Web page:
I will never forget the day I found out that someone very close to me was attacked in a grocery store parking lot. She was getting something for breakfast before she headed off to work. It was about 5 a.m.
A man in a van jumped out, held a knife to her throat, and attempted to rape her. She fought back. She won.
Many of us, wandering through Fort Collins on a Friday night in a drunken stupor, have found ourselves in one of the many bars and clubs in Old Town. Maybe we even wound up at someone’s house, not exactly sure where it is, but still having the greatest night of our lives.
We look over in a corner and see a woman, a man standing over her, talking. As we glance back occasionally during the night, he’s getting closer and closer, she grows more uncomfortable. As he begins to push himself on her, people begin clearing away, afraid of starting something at a time when something desperately needs to be started.
Or maybe at a local bar, we see two men standing on either side of a doorway, grabbing every single woman who is forced to walk through that door. Sound familiar? Things like this happen every day.
Here is something else that happened, right here on campus. Another friend of mine was at work one day. While talking to his boss, the man walks forward and grabs him in an inappropriate place. Right here on campus, even a man isn’t safe from sexual assault.
We know it’s everywhere and we know it’s a problem. And it needs to stop before someone you know, someone you’re close to, or even you are a victim of sexual assault.
I have a collection of my favorite bumper stickers framed and hanging on my wall at home. Two of them read: “Stop the War on Women” and “Support Your Local Feminist.” People ask me how a man can possibly be a feminist. I ask, “How can a man not be?”
We need to wake-up and realize that it will take all of us to wage this war. This isn’t something that we can do in a matter of weeks. There is no “shock and awe” phase of this war. It is a long fight and one that has been fought since the beginning of humankind.
Men and women, together, need to take back the night. This fight will not end until men, the power-holders in our society, step up and stop allowing this to happen. This will not end until women fight and take back the night. This will not end until the message is clear that no one – no one – will allow this to happen to anyone.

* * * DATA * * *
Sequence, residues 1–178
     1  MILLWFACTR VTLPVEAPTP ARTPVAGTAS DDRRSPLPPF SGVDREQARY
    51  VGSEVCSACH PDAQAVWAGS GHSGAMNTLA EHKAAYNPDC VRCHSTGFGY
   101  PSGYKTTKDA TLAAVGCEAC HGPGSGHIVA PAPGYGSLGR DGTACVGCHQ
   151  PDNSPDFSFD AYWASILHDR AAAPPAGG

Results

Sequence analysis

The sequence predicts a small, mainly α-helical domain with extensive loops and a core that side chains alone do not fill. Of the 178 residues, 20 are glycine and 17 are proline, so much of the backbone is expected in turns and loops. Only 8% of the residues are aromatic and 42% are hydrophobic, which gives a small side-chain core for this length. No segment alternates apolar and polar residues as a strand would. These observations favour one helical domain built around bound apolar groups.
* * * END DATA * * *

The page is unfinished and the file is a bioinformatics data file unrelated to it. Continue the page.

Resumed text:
The chasm created between men and women will not grow smaller until we are all feminists. Until we are all willing to ensure that women are treated just as equally as men are.
This also won’t end until we recognize that sexual assaults can be perpetrated against men. Women are not the only ones who have feared for their personal safety. Date rape drugs are being used on men more and more both by men and women. There are men both on our campus and in our lives who have been attacked. These people are often silent victims and either not talked about, forgotten, or ignored.
Don’t shy away the next time you see a woman growing more uncomfortable under a man’s advances. Keep an open ear if a man begins to cry. And don’t assume that someone else will help. If they haven’t so far, why will it start now?
Until we all stand up and take back the night, physical, verbal and sexual assault will continue to occur and affect us all. Maybe you will be one of the lucky ones and you won’t have a sister who was almost raped or a good friend who was groped at work, but I promise you that someone out there dearly loves that frightened woman, standing in a corner, which you just walked away from.
Rod would like to thank his sister for making him a feminist. His column runs on Fridays.